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In-Service Training

During IST in PP, the PCVs were instructed how to complete their VRFs, and how to use the IRC, as well as the useful EAP vocabulary. Got that? Acronyms are a wink to those in the know that we know what they know. During In-Service Training in Phnom Penh, the Peace Corps Volunteers were instructed how to complete their Volunteer Reporting File, and how to use the In-Country Resource Center, as well as the useful Emergency Action Plan vocabulary. I’m not sure why some titles warrant all capital letters, like In-Service Training is IST, while the In-country Resource Center gets shrunk to IRC. Give it a LOL! (Or WTF.)

I volunteered and was accepted into the PSN—Peer Support Network. A half-dozen of us spent two days training how to listen (and talking about how to listen) to fellow volunteers who may be facing emotional challenges and need an empathic listener. We were told NOT to give advice. A big disappointment to me, former Ask Ms. Metaphor, always ready to give off-the-square advice to life’s quotidian problems. Yet, it is also a relief to simply be an active listener. Really, that’s enough of a job. One thing at a time.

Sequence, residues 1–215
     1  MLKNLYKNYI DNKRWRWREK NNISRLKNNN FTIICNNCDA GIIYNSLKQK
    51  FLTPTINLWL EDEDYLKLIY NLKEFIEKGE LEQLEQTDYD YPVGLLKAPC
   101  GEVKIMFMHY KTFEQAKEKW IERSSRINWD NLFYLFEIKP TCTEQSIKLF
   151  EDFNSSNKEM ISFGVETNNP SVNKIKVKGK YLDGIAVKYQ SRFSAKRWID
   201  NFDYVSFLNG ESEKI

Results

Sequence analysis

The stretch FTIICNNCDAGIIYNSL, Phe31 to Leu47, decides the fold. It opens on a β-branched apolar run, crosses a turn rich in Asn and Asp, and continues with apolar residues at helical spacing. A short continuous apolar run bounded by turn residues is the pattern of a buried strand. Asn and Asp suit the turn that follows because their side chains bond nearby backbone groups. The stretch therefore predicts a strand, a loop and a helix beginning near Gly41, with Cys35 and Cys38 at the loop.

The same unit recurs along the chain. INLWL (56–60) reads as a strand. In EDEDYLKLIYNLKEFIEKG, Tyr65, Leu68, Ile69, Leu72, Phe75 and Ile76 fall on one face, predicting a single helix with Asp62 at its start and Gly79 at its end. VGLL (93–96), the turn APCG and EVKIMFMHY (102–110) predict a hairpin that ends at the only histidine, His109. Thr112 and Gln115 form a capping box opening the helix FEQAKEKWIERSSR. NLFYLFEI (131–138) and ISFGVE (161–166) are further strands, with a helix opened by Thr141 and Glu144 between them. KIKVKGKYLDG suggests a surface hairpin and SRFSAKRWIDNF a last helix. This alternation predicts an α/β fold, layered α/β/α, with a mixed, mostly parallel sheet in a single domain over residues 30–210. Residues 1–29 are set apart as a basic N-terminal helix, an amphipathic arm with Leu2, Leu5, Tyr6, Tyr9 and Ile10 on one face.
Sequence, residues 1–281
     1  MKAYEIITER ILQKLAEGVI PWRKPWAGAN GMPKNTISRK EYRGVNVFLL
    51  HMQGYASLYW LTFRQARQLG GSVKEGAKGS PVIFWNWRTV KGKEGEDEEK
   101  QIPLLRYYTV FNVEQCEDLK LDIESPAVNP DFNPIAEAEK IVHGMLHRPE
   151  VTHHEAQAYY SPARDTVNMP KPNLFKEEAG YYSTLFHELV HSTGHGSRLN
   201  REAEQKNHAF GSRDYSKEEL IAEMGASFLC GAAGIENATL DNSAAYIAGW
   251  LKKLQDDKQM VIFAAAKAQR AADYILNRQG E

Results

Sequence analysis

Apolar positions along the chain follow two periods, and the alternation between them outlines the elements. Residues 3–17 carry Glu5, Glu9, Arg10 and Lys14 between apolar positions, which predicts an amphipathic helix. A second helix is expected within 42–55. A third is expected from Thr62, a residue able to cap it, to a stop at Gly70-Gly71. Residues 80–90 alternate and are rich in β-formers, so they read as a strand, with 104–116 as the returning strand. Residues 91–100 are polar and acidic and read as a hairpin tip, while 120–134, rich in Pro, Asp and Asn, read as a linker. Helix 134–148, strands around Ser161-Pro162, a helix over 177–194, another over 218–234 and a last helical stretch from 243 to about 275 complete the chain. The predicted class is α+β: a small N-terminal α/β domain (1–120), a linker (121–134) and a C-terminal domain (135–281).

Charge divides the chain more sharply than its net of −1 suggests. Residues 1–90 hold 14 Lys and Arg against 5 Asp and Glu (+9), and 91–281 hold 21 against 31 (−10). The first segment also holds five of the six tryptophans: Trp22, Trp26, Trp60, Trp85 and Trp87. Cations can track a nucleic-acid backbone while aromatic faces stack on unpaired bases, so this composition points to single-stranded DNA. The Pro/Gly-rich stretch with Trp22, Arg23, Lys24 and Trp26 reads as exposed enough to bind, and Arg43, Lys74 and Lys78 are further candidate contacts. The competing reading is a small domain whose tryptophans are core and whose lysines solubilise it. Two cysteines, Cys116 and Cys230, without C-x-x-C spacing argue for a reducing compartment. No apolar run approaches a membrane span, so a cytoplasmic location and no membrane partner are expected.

Phnom Penh is not a pedestrian friendly city. Sidewalks are where you set up your boboa stand or park your car. You have to walk into traffic because there’s no room to walk on the sidewalk. I learned how to cross the street at rush hour. Follow a monk—it’s bad luck to hit a monk. Traffic in the city somehow meshes into a slow moving tangle that manages to work through the knot most of the time. Although the tuk-tuk I was riding in got hit by a car my first afternoon in the city. The car and tuk-tuk driver just laughed and drove on. That’s the difference between Cambodian and Californian drivers. No road rage here. My heart rate doesn’t even accelerate anymore when a tuk-tuk driver makes a U-turn into oncoming traffic.

We were collectively lodged at hotels about a 20-minute walk through the mean streets of Phnom Penh to the Peace Corps office. Every guidebook on the planet warns travelers of purse-snatchers and phone-grabbers in this city. PCVs receive special training on the topic. Mid-way through IST though, one girl had her purse snatched in a drive-by a block from the PC Office. Statistically, it was bound to happen. She was not hurt and only had $5 in her bag. She did everything right. But the purse-snatchers and phone-grabbers are well practiced at their game. If you come to Phnom Penh I recommend zippered pockets, no purses, and calling it an early night before it gets too drunk out.

Our IST training schedule went from dawn to dusk for two weeks, with tasky admin how-tos, Khmer language classes, and trenchant presentations by NGOs. So much of the information left me sad at the human condition, yet gratified that there are people working to eradicate human trafficking, particularly selling child brides, indentured maids, and men held as slaves aboard fishing vessels. Another NGO presented concerns about Cambodian orphans and their welfare. All of these issues are currently in the news. Our mandate, as PCVs, is not to police, but to be aware of what is happening in our own village. How we change the condition of the world is incrementally. One-to-one. One thing at a time.

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